WASHINGTON — President Obama appears confident Congress will join him in calling for U.S. military attacks on Syria — but top officials in his administration won't say what happens if Congress doesn't authorize him to go to war.
Senior administration officials told reporters at a White House briefing Saturday that the administration will not even discuss the possibility that Congress doesn't endorse Obama's Syria plans, so confident is the administration that Congress will go along. That leaves a big question on the table after Obama's surprising Rose Garden announcement: What happens if Congress votes no?
The officials pointed to this line in Obama's remarks to make clear that the administration does not believe it's giving up what it sees as legal authority to attack Syria without Congress.
While I believe I have the authority to take military action without specific Congressional authorization, I know that the country will be stronger if we take this course and our actions will be even more effective. We should have this debate because the issues are too big for business as usual.
Decades of policy require the United States to respond to the use of chemical weapons, Obama said, and senior administration officials made it clear that they expect Congress to back them. But they also said Obama wasn't giving the legal power to authorize the Syria attacks back to Congress, leaving open at least the possibility that Obama could strike after the Congress decides not to authorize strikes.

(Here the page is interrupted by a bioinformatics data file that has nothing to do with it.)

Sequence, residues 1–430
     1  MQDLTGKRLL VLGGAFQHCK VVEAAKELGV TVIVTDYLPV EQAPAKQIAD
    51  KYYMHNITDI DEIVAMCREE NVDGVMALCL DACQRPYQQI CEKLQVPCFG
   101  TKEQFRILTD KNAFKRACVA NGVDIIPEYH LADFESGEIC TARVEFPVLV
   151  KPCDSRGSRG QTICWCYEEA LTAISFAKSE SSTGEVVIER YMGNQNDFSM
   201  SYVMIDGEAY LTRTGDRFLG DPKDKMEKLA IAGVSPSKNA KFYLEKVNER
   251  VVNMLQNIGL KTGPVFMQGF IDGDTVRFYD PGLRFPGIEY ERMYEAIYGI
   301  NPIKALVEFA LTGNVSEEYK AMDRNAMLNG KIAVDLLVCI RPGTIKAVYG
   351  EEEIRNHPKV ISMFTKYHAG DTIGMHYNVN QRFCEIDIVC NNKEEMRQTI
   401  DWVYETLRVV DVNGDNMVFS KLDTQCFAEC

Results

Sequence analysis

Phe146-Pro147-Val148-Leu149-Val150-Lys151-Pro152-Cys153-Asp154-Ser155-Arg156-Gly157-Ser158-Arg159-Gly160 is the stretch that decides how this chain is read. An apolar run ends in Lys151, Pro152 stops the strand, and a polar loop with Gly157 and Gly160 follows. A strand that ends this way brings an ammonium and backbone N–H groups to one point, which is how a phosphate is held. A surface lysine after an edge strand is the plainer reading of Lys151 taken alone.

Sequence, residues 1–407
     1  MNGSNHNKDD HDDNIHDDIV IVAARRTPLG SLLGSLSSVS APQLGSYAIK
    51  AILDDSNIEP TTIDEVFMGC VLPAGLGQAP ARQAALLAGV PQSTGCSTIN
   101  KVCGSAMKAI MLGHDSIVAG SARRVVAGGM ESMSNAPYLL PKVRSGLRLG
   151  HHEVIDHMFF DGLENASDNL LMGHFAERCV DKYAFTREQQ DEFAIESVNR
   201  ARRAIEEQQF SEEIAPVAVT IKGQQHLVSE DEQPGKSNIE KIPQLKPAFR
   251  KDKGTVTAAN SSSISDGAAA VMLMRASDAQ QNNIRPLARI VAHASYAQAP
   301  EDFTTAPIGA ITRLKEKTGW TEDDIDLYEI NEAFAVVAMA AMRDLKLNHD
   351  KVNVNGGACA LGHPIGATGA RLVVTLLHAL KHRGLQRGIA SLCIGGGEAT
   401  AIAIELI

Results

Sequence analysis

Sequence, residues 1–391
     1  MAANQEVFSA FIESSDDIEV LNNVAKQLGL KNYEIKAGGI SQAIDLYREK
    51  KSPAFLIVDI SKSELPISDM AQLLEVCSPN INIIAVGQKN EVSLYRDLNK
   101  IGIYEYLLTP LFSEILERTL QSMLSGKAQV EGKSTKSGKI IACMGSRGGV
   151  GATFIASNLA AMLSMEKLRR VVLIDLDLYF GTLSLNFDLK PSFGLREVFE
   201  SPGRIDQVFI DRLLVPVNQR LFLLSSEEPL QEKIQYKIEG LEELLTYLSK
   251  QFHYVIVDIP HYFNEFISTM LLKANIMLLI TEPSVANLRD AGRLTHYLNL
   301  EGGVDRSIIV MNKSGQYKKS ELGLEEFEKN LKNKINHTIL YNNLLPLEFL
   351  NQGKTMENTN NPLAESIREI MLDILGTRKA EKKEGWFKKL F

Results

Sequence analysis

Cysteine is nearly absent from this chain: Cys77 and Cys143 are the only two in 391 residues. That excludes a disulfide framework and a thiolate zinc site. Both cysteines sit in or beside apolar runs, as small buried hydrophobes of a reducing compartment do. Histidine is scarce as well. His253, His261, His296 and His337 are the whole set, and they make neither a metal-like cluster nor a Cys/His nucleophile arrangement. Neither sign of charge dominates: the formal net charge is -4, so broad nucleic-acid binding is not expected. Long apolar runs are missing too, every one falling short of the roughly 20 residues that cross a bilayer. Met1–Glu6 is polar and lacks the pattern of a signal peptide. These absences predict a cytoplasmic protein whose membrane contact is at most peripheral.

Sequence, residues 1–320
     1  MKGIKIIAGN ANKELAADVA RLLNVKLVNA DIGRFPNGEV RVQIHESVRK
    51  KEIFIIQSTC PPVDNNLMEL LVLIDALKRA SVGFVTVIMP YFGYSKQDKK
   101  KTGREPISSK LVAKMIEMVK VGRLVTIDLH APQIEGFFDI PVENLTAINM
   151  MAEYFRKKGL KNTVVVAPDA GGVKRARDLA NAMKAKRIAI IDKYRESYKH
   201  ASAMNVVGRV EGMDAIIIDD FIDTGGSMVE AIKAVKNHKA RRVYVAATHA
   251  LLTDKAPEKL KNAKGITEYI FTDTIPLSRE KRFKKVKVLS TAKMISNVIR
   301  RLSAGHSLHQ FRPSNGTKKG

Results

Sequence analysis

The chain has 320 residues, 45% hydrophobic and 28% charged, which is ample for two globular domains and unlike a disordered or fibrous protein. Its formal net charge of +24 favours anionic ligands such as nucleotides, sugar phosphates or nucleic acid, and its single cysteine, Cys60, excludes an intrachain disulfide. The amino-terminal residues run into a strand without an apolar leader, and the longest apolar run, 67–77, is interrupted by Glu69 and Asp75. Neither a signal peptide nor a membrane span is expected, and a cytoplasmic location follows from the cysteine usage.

The senior administration officials' comments came in a briefing in which participants agreed not to name the speakers or quote them directly.
In the view of the White House, the officials said, a Congressional vote against strikes in Syria would be an embarrassment to both Congress and the country. Interestingly, the officials said it was British Prime Minister David Cameron's public humiliation at the hands of the House of Commons last week that helped Obama make the decision to seek Congressional approval. Obam mentioned the British debate in his remarks Saturday.
"Many people have advised against taking this decision to Congress, and undoubtedly, they were impacted by what we saw happen in the United Kingdom this week when the Parliament of our closest ally failed to pass a resolution with a similar goal, even as the Prime Minister supported taking action," Obama said. "Yet, while I believe I have the authority to carry out this military action without specific congressional authorization, I know that the country will be stronger if we take this course, and our actions will be even more effective."
The president's decision to seek Congressional approval came Friday night, officials said, and was not prompted by any request from Congressional leaders. In the United Kingdom, after the the parliament voted against Cameron's call for strikes in Syria, the British leader abandoned the idea. It's not clear that Obama would do the same thing, and administration officials said Saturday that, legally, he doesn't have to.
But while the legal logic of that may be in debate, it's difficult to see the political path to bombing Syria after a congressional rebuff.